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This article lists the various minor fictional characters who appear in The Case of the Toxic Spell Dump. Most appeared in only one scene, or had a very brief, unimportant speaking role that did not impact the plot, and never appeared again.

Atheling the WiseEdit

Atheling the Wise was a sage who observed that most forces are also Persons, and mechanicals have no Personalities of their own to withstand the slings and arrows of outrageous fortune, nor of outraged or mischievous Forces.[1]

Literary commentEdit

Atheling (whose name is an Anglo-Saxon word for Prince) seems to be based on the medieval fictional character Prince Hamlet of Denmark.

Cordero daughterEdit

In addition to her newborn son Jesus, Lupe Cordero had a toddler who looked just like her (b. ca. 1991).[2]

Samuel DillEdit

Samuel Dill was a lawyer from the firm of Elworthy, Frazer and Waite, representing the interests of the Devonshire Land Management Consortium. He objected, by telephone, to David Fisher confiscating dump records, but was unable to deny the validity of Judge Maximum Ruhollah's search warrant authorizing Fisher to do so.[3]

EricEdit

Eric was a bailiff in Judge Maximum Ruhollah's court. He was a large man of Swedish descent, and David Fisher could never remember his last name.[4]

David Fisher's brotherEdit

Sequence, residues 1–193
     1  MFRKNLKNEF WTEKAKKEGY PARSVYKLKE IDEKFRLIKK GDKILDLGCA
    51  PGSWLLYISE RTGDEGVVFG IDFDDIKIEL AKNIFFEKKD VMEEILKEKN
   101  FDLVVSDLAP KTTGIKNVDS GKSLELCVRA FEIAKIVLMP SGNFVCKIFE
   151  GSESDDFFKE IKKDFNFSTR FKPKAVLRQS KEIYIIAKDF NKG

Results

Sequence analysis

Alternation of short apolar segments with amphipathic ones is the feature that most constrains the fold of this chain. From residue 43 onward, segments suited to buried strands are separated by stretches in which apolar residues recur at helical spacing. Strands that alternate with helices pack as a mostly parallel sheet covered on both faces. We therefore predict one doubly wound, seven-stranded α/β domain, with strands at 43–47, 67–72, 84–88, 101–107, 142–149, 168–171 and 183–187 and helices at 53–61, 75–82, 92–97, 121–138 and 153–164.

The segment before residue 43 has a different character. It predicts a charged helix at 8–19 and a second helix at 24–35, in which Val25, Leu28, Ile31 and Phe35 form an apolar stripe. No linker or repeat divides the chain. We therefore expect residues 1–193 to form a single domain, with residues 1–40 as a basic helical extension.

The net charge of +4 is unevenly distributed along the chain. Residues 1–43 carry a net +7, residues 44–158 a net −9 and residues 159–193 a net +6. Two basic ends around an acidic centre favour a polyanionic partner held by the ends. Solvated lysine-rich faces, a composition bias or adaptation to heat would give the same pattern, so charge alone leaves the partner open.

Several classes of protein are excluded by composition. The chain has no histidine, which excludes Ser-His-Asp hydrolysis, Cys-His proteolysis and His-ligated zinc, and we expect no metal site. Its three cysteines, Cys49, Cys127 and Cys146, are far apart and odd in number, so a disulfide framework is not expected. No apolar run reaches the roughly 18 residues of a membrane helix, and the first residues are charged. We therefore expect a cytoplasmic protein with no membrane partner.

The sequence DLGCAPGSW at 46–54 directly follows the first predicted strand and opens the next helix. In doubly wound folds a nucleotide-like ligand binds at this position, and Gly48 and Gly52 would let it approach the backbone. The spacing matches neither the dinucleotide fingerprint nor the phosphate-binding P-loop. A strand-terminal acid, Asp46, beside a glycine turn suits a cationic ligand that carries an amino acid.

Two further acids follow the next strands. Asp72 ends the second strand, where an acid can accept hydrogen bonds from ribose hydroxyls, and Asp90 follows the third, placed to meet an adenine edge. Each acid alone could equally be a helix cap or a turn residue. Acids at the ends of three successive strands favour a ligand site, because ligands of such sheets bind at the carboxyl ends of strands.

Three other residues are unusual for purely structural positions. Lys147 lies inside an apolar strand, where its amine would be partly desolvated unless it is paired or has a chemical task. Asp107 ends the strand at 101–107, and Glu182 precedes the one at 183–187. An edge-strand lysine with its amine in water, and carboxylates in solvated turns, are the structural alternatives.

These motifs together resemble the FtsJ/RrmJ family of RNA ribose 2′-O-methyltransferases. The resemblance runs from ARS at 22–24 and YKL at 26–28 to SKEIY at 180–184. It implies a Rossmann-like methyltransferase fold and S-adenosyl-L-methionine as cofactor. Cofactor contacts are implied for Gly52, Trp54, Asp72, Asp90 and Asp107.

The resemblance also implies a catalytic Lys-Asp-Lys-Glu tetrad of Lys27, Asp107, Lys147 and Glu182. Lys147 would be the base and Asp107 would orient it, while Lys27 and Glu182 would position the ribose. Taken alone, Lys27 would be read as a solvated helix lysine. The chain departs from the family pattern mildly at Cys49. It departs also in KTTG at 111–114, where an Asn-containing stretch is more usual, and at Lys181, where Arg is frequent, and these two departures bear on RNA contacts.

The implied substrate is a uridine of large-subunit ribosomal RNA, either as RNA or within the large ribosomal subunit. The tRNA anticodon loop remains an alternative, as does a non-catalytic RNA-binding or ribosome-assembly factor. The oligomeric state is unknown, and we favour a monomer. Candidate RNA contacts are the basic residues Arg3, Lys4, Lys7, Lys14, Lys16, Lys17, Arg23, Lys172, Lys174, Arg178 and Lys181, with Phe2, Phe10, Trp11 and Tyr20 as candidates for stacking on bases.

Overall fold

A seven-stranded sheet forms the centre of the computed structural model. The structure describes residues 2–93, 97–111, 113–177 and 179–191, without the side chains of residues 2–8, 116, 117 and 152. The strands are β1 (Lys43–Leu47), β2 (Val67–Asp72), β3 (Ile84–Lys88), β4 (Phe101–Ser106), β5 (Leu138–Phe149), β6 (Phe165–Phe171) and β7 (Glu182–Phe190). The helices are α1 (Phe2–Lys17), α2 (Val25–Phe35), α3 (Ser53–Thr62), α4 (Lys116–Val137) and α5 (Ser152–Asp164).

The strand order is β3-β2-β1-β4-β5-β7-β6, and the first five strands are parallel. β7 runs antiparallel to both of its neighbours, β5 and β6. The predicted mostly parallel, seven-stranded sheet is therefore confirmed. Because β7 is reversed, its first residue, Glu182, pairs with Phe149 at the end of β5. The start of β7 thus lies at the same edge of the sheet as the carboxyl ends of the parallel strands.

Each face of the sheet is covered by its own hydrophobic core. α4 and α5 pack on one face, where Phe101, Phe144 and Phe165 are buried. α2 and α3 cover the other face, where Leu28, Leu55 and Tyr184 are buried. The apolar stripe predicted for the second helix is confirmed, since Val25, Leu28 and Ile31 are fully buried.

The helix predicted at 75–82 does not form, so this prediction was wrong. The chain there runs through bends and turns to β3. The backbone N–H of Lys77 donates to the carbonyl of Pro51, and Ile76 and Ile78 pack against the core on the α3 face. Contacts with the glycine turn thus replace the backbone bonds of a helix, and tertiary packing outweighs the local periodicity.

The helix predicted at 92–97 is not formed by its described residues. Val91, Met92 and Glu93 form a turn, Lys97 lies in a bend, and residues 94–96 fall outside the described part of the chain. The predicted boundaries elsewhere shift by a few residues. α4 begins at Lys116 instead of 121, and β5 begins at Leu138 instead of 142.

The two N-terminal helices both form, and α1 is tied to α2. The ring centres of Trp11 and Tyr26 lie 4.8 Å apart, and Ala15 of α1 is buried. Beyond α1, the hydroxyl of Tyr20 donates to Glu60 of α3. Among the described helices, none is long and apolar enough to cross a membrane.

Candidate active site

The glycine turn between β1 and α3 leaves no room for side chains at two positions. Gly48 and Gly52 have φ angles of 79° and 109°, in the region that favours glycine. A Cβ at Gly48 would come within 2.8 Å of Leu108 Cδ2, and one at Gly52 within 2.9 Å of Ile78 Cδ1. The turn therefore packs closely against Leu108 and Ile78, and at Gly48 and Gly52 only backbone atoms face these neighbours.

David Fisher's brother lived in Boston, Oregon with his two-year-old daughter.[5]

David Fisher's nieceEdit

David Fisher's niece (b. 1991) lived with her father in Boston, Oregon.[6]

Joe ForbesEdit

Joe Forbes was a reporter for Angels City's Ethernet Station One News.

Maximum RuhollahEdit

qadi Ruhollah was a Confederal judge in the Angels City area. His reputation for strict adherence to the law earned him the nickname "Maximum Ruhollah".[7] He'd been born in Persia, and fled the country at mid-century after the secularists seized power for a time, remaining in the Confederated Provinces for nearly forty years.[8] As a judge, he developed a reputation for fairness to the innocent and wrath towards even the little bit guilty.[9]

During his investigation of the apsychia births surrounding the toxic spell dump owned by Devonshire Land Management Consortium, David Fisher requested Judge Ruhollah issue a search warrant of the company's records. After listening to Fisher's oral outline and reviewing Fisher's supporting documents, Ruhollah was disturbed by the possibility that the dump was causing apsychia, and concluded that Fisher's cause was worthy and just, and issued the warrant to Fisher.[10]

However during the course of his investigation, Fisher discovered that the warrant Ruhollah issued was overly broad--not so broad as to make it illegal, but it was close.[11] Later, Ruhollah also issued a show-cause order when the Consortium attempted to block the original warrant.[12]

Ruhollah was quite old, with a long white beard, a nose like a promontory, and, in the words of Fisher, had "eyes that have seen everything and disapproved of most of it."[13]

See alsoEdit

ReferencesEdit

  1. The Case of the Toxic Spell Dump, p. 23.
  2. Ibid., p. 115-116.
  3. Ibid., p. 48-49.
  4. Ibid., p. 38.
  5. Ibid., p. 101.
  6. Ibid., p. 101.
  7. Ibid., loc. 494, ebook.
  8. Ibid, loc. 673.
  9. Ibid., loc. 663.
  10. Ibid., loc. 673-683.
  11. Ibid., loc. 851.
  12. Ibid. loc. 4046.
  13. Ibid., loc. 663.